Full, Partial, Full – The Rep Method

Full, Partial, Full – The Rep Method

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Four Reasons to Use the 1.5 Method

This unique rep method can help you build lagging muscles, avoid injuries, and fix technique flaws. Check it out and give it a shot!

Partial Reps the Smart Way
The 1.5 method is simple: Perform full reps with partial reps between each. Although 1.5 means “one-and-a-half,” quarter reps can also be used. Let’s break down the benefits and look at some different ways to use this proven training method:
1. This method adds time under tension (TUT) to the portion of an exercise you might otherwise be underloading.
Determine the strongest half or quarter of an exercise, then do an extra half or quarter rep in that portion. It doesn’t matter how big the partial reps are – no one will be measuring with a goniometer.
As a general rule, just avoid going through your sticking point. This will vary from exercise to exercise. For example, in a deadlift, if you struggle just below your knees, then stay above them for the extra partial reps.
2. 1.5s increase TUT in the portion of an exercise that emphasizes a certain muscle.
Decide what your target muscle is, then determine what portion of the exercise loads the muscle the most. For example, booty-builders might want to squat deep to get more hip flexion and glute loading. So do an extra partial rep at the bottom to, well, hit your bottom. (See what I did there?)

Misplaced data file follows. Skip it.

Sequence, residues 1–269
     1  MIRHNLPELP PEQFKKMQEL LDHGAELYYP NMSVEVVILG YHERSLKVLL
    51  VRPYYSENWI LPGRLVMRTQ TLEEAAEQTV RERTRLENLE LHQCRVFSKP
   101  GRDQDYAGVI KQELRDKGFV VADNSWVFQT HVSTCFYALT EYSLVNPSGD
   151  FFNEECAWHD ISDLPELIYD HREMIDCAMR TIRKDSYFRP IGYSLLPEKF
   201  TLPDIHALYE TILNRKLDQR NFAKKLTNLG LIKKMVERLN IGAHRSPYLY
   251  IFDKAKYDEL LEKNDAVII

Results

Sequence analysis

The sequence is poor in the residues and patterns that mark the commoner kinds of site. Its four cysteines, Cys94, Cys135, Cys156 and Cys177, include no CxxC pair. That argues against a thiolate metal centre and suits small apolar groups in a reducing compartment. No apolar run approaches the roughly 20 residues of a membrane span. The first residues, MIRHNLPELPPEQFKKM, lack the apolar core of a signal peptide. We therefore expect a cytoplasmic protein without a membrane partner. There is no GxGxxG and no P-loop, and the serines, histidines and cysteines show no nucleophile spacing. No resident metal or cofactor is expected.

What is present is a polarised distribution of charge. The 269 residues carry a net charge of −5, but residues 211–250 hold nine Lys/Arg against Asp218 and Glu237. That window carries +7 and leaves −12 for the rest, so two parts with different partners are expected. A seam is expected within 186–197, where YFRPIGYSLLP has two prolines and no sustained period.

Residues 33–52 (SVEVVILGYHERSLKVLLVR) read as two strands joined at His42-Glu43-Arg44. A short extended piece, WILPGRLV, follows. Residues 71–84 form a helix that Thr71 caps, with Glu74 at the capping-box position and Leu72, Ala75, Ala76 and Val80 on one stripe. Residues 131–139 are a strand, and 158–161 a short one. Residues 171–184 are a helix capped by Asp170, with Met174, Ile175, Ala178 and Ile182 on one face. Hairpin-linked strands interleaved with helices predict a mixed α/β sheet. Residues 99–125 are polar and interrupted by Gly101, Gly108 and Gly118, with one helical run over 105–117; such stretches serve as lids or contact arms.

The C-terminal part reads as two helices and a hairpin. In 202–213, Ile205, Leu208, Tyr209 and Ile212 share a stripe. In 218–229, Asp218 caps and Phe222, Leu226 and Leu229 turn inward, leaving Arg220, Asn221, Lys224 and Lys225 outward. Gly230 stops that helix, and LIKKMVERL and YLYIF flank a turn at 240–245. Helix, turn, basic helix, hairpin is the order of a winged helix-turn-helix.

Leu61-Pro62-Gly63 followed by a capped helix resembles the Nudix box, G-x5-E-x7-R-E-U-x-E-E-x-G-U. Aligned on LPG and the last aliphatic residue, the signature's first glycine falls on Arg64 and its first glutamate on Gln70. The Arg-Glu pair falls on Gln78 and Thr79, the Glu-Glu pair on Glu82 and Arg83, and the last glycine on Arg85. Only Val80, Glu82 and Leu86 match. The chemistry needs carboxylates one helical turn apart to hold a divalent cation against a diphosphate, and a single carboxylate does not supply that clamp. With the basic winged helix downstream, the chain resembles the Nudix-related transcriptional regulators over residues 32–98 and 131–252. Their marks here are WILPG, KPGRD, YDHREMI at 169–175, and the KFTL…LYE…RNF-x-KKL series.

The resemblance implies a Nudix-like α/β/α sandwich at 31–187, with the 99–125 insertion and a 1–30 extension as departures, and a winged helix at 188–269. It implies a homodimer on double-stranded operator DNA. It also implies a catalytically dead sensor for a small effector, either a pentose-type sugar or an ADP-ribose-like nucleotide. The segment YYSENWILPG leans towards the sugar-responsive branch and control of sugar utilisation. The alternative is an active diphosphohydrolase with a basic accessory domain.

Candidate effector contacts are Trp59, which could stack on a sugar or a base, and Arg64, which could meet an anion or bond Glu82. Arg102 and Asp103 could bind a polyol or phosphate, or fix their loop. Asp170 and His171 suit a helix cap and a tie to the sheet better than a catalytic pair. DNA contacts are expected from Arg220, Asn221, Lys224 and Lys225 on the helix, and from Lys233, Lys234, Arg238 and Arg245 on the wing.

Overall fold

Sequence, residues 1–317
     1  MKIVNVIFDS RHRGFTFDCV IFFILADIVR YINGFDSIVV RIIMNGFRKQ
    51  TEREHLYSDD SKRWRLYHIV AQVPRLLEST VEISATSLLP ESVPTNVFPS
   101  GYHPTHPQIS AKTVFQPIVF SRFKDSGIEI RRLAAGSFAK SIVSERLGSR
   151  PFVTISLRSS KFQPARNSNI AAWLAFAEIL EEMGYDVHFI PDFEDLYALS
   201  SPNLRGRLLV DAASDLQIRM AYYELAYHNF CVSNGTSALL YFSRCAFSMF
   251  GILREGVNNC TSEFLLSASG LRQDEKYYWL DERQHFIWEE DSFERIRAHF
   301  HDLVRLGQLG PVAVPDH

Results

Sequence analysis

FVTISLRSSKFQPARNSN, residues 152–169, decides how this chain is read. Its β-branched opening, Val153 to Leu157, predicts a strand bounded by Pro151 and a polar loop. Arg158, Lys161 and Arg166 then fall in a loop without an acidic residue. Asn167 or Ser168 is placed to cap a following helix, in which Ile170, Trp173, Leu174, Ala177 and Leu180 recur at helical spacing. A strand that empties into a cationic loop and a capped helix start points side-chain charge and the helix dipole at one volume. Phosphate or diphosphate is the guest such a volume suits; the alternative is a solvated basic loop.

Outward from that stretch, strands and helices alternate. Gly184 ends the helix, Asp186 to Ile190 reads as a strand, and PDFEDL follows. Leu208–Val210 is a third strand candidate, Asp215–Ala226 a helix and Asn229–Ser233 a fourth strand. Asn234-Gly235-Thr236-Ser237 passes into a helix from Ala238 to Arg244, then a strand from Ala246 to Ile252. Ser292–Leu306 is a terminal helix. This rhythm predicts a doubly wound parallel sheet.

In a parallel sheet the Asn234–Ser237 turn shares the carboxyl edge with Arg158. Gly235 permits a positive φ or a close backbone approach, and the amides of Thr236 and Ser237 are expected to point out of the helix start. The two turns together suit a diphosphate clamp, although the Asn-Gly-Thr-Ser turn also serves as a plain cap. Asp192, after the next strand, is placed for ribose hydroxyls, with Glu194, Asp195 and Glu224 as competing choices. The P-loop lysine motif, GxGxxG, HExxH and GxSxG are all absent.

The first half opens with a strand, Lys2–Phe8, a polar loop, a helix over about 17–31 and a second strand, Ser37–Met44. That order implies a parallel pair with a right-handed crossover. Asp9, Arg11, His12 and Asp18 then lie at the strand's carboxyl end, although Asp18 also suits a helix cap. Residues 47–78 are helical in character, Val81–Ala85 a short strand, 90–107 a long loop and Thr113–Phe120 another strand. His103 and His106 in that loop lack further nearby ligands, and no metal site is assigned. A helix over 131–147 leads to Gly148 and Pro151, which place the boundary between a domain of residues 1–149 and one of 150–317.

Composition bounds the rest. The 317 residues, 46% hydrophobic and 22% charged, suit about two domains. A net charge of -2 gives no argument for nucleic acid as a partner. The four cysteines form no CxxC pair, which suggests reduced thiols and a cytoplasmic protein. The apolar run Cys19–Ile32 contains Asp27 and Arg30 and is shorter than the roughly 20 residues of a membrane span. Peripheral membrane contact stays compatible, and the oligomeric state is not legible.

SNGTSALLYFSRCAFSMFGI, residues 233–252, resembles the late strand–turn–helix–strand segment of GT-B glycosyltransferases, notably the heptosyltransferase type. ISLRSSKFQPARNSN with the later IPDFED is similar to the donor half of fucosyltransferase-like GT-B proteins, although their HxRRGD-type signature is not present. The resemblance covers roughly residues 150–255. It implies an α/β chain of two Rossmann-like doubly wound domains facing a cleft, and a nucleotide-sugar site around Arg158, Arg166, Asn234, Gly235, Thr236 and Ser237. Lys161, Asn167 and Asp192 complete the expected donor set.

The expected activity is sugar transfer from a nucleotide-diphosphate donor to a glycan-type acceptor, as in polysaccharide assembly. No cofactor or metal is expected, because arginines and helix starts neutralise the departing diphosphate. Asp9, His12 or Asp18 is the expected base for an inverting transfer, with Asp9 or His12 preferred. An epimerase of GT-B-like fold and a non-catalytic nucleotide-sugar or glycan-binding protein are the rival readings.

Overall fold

To hit your pecs more in a barbell bench press, do an extra touch-and-go off your chest to really fire up those pecs. The top portion of a squat will emphasize quads more, so spend more time at the top with a partial rep. (You can also do the partial rep in the bottom position of a squat for a different effect.)
3. This method helps you spend more time in the portion of an exercise that better fits your structure.
Certain exercises aren’t inherently “bad,” but there are positions and ranges of motion that might cause you a few issues if your structure isn’t suited for them. Determine the most “compromising” position of an exercise based on your structure and injury history, then spend less time in that position while creating more TUT in the safer position.
Since you won’t be able to handle your normal weight using the one-and-a-half method, you won’t load your cranky positions as much while still hammering the rest of the movement. For longevity purposes, this idea just makes sense.
4. This method can be used to address a technique flaw.
Pick the portion of an exercise you suck at, then spend more time there. Do you lose tension at the bottom of a squat? Then add an extra partial rep to work on it.
Do you compensate at the top of a chin-up by rounding your shoulders forward? Spend more time at the top and work on it. Stop avoiding it and address the problem head-on!
Don’t sweat too much whether you’re doing an extra half or quarter rep – you can do and call it what you like.

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